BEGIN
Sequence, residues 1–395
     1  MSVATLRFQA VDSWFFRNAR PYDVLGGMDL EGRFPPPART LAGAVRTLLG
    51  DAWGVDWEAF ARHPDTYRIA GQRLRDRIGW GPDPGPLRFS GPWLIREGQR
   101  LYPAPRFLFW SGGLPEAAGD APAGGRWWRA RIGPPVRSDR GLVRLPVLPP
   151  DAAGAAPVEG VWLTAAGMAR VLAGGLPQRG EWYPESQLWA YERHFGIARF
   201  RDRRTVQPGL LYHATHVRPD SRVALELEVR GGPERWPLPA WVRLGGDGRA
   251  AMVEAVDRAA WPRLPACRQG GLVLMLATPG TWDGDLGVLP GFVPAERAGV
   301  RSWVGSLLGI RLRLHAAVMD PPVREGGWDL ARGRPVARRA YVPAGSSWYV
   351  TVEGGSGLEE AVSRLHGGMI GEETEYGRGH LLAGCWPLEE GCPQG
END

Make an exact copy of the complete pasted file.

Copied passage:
Sequence, residues 1–395
     1  MSVATLRFQA VDSWFFRNAR PYDVLGGMDL EGRFPPPART LAGAVRTLLG
    51  DAWGVDWEAF ARHPDTYRIA GQRLRDRIGW GPDPGPLRFS GPWLIREGQR
   101  LYPAPRFLFW SGGLPEAAGD APAGGRWWRA RIGPPVRSDR GLVRLPVLPP
   151  DAAGAAPVEG VWLTAAGMAR VLAGGLPQRG EWYPESQLWA YERHFGIARF
   201  RDRRTVQPGL LYHATHVRPD SRVALELEVR GGPERWPLPA WVRLGGDGRA
   251  AMVEAVDRAA WPRLPACRQG GLVLMLATPG TWDGDLGVLP GFVPAERAGV
   301  RSWVGSLLGI RLRLHAAVMD PPVREGGWDL ARGRPVARRA YVPAGSSWYV
   351  TVEGGSGLEE AVSRLHGGMI GEETEYGRGH LLAGCWPLEE GCPQG